Nicholas Bagley: Yeah.
Brian Beutler: –for it. Like there wouldn’t have been any demand for it. Right. Um. But at the same time that, like even if you take the judicial review question out of it, the grass is always greener kind of thing–
Nicholas Bagley: Sure.
Brian Beutler: –that I was alluding to with that thought experiment. It comes to light like that that thing that I I ran past you about the widgets was kind of based on um a different aspect of the health care reform uh fiasco um is I like I remember the failure of healthcare.gov um and how demoralizing that was, and a big part of what made it so demoralizing is it was like they launched it years after the law passed and they still couldn’t build the website right. Okay? Um. But I also remember that, like, the knee jerk response was, well, President Obama, why didn’t you just get Amazon to make the website? They know how to do that. Obviously, it’s just a marketplace. Like just have them do it. Why didn’t why didn’t you think of that? And President Obama said something like, like you think it would be better um if we passed this big law that allocated all this money and I and I took that money to people who donated to my campaign and said, here, build me a website. Um. And like in the pressure cooker of that moment where the website wasn’t working, I was kind of thinking, yeah, I would prefer that. But just as a general rule, like when I read stories about cronyism, it pisses me off. Like I I get genuinely angry at politicians who do that. Um uh. And I, I realized that like a big part of me, as much as I want Joe Biden to be able to, like, point to the stuff that he built by the time he faces voters next year. I also really do want the government to be making decisions about what they’re doing on some kind of neutral basis. Um. And that like whether it’s a liberalism that builds or is a liberalism that builds power, however you want to talk about it. But like you risk throwing out that baby with the bathwater and and you’re going to rile a bunch of people up with ultimately like decisions that are not maybe even venally corrupt, but it’s like–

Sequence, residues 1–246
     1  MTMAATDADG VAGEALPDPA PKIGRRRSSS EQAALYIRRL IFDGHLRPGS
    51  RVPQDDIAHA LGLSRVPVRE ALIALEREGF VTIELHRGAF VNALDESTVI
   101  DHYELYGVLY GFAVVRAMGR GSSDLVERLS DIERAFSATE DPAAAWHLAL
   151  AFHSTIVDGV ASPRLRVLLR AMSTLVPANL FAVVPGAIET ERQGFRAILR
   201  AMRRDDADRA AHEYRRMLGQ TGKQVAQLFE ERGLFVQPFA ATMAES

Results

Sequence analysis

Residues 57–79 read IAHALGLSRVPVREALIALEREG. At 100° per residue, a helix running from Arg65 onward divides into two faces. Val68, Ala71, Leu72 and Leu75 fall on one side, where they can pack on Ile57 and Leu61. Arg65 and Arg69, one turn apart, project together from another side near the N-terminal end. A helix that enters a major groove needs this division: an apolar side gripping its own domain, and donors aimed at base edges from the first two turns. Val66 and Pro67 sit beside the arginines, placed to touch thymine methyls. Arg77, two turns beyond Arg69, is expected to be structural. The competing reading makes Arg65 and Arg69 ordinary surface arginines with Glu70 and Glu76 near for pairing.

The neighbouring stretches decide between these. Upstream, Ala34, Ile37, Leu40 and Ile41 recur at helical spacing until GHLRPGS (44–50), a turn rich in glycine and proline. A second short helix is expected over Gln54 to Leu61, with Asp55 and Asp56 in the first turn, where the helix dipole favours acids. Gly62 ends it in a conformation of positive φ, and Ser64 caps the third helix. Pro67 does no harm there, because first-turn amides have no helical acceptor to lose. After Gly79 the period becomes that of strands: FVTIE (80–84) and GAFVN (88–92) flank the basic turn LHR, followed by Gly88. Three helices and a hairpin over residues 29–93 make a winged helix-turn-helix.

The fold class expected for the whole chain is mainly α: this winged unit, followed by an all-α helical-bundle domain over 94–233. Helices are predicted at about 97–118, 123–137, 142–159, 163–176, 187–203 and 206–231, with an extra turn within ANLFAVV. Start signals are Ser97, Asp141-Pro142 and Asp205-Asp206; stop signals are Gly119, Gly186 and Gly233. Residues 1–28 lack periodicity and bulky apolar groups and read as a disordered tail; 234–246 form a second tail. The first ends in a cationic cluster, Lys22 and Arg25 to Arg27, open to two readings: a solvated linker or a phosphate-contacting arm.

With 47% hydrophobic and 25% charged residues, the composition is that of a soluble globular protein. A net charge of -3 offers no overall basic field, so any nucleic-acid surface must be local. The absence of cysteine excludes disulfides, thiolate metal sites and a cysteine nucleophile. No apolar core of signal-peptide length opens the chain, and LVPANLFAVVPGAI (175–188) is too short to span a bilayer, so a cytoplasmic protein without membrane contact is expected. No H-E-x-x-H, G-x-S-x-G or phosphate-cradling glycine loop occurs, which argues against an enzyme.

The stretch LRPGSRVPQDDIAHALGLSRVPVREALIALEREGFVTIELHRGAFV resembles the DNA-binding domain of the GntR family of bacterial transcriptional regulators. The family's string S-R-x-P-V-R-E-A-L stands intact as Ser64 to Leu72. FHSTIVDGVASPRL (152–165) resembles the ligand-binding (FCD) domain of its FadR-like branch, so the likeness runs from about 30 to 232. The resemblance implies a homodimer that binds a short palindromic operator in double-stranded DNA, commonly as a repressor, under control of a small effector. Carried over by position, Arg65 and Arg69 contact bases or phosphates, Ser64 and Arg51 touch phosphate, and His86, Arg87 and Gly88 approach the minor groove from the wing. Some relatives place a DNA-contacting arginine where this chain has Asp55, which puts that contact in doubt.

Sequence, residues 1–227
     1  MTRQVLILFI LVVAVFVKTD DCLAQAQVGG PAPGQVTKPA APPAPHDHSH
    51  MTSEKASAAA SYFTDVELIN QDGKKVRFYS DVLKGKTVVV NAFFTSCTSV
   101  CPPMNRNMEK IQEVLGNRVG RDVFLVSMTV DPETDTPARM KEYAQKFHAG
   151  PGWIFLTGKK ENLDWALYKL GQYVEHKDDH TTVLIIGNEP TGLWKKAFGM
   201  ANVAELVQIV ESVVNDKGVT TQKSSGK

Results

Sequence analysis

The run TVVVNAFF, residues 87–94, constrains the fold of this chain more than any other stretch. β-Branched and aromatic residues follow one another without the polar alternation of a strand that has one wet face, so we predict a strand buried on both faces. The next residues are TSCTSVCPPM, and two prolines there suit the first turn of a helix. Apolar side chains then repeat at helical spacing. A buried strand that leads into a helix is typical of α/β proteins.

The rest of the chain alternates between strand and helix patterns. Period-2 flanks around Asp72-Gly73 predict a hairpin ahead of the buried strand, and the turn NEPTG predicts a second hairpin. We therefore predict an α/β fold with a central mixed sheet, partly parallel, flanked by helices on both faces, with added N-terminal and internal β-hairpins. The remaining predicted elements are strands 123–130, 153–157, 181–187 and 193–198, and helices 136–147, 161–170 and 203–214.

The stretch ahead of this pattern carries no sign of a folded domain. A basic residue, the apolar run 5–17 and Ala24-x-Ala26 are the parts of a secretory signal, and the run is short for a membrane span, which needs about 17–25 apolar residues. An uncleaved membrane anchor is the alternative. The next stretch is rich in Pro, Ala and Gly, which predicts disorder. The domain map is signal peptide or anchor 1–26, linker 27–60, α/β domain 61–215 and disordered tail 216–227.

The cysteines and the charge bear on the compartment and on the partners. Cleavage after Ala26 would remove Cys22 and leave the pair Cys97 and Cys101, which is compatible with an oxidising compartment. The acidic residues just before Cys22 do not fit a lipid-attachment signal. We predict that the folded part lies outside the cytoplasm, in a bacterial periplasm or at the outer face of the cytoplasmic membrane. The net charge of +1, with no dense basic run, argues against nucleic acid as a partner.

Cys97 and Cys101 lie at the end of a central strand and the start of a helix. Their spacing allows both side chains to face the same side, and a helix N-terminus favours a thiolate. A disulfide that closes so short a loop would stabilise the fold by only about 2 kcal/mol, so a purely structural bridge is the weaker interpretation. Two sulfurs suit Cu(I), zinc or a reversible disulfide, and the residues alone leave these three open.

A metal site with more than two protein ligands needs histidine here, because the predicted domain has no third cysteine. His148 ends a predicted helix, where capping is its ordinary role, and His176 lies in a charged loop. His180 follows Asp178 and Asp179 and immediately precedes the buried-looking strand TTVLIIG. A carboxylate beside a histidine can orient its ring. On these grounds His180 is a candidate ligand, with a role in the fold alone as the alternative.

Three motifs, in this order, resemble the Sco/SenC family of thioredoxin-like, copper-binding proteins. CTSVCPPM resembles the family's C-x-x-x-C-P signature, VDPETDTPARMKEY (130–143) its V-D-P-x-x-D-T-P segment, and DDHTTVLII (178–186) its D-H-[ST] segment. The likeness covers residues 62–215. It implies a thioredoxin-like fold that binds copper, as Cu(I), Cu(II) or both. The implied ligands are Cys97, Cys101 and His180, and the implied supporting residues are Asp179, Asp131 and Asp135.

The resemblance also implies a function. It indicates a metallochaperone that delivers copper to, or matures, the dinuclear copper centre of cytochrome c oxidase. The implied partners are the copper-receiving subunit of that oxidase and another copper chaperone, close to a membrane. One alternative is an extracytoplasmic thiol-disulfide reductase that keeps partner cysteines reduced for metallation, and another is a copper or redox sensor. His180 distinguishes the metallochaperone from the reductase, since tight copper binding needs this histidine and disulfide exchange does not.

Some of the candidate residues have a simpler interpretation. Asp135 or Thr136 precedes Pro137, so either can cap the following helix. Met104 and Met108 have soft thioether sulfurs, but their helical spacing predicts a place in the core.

Nicholas Bagley: Yeah.
Brian Beutler: You’re you you promised to go build something. And so you go to the people that you think you know how to build it best and you ask them to do it. But it turns out that you know them because you’re friends and now you’re now you’re just a corrupt politician.